How to Build an Attractive Employer Brand

Just like your sales team emphasizes the company’s unique selling propositions (USP) to potential customers, your employer brand works the same way to attract the best candidates.

Top job candidates with experience and a strong skill set know that they’re in demand. They may be shopping for a new position, but are no longer solely concerned with salary. Now, they’re looking for unique benefits, a team with like-minded individuals, and similar values.

Without a strong employer brand, you could be missing out on incredible talent because job seekers aren’t aware of your unlimited vacation benefits or annual team retreat in the mountains. Not only does building an employer brand help you attract the right employees, it helps you strengthen the brand by continuing to recruit people that “fit”.

Here’s how to put your company on the map in terms of attractive employers and essentially build your employer brand:

Identify Your Culture

Organizational culture encompasses values and behaviours that "contribute to the unique social and psychological environment of an organization". Every company has a culture, whether it’s been identified or not. Knowing your culture plays a key role in effectively attracting more of it  as you’ll be able to expose gaps so you know where to take action. Use these questions to guide your team:

  • What is your mission statement and values?
  • How would employees describe the environment in which they work in?
  • What are the core values your employees possess?
  • How is the hierarchy structured?
  • What message does your company website send?
  • How are decisions made?

To put things into perspective, let’s look at 6 types of corporate cultures as identified by Eagle’s Flight:

Cultures of:

  1. Empowerment
  2. Innovation
  3. Sales
  4. Customer-centricity
  5. Leadership excellence
  6. Safety

Survey Your Employees

If defining your company culture is a brand new endeavour, collecting your information by eavesdropping by the water cooler or making assumptions based on the colleagues you’re close with, may not give an accurate picture of your culture. Instead, work with an employee engagement partner to help you identify your company culture through surveys and interviews.

Develop Your Employer "Voice"

Once you’ve identified your company culture, you’ve simultaneously narrowed in on the types of individuals that fit with the culture. Knowing who you’re speaking to can help you craft your messaging accordingly and create an employer “voice”. This should be an authentic style of communication that’s consistent across your website, job descriptions, role assessments, interviews, and job offers. Use keywords that your ideal candidates would use and language that reflects your culture.

Invest in Training and Development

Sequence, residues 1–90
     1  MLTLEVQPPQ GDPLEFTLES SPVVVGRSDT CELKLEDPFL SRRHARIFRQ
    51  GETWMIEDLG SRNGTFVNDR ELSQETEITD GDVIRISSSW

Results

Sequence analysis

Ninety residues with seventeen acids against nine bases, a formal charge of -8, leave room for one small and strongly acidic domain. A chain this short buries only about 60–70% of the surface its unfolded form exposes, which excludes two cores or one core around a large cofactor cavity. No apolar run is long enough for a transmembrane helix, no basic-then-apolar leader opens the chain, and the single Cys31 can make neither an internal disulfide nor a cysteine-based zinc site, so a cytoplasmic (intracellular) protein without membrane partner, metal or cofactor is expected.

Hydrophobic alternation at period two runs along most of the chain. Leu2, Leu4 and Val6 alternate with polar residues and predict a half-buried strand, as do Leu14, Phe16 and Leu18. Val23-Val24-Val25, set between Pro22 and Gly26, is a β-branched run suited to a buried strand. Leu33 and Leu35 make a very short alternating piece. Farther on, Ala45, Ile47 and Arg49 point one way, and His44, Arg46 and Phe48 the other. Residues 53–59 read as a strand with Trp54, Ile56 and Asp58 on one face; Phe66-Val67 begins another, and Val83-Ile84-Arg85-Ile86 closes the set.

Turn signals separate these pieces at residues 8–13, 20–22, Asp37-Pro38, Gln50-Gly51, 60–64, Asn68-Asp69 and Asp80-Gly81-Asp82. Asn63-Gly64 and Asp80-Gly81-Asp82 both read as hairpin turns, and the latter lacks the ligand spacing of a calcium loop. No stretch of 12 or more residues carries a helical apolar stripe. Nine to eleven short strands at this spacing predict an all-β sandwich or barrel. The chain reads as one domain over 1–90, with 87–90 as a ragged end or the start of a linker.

Even the strongest companies will need to invest in training and development. Not only does it show your commitment to your employees, it also helps you ensure that your organization maintains the company culture and lives out your employer brand.

Communicate Your Differentiators

Further to offering your employees training and development opportunities, communicating the extra perks that set you apart from other employers contributes to a cohesive brand. Whether you’ve won a Top Employer award, have a pet-friendly office policy, a generous work-life balance program, or weekly paid lunches; these are the types of things that keep your employees happy and contribute substantially to your brand.

Tell your candidates what they can expect to receive by joining the team on job descriptions, your careers website page, and ensure your recruiter is well-versed in communicating these differentiators during interviews.

Put Practices in Place to Attract the Best Talent

Establishing your employer brand and company culture will be useless if you recruit candidates that don’t fit the part. Sometimes it takes an external recruiter to be able to effectively assess the culture you’re hiring for and analyze the candidate’s skills, personality traits, and values subjectively. A professional recruiter also has more time to dedicate to hiring (to ensure it’s done right) and access to a larger pool of candidates (some of which may already be hand-selected as a good fit).

Treat Candidates like Customers

People are your company’s best asset. An important part of your employer brand is the interview process, and if it’s not a positive experience, you can bet that you won’t attract top talent down the road. Just like disgruntled shoppers, job seekers are quick to share their experiences on social media, websites like Glassdoor, and word-of-mouth.

Your entire interview process should put the candidate first. Ensure that your candidates are:

  • Thoroughly listened to
  • Respected
  • Updated with the hiring status frequently
  • Comfortable with asking any questions during or after the interview
  • Leaving the interview feeling excited about the company

Even if the roles you’re hiring for aren’t customer-facing, every action your employees take, and their ability to fit in with the company culture contributes to overall business success. To ensure your employer brand is effectively recruiting the right candidates, talk to us. We’re experts in finding the best match for your business, no matter how long it takes.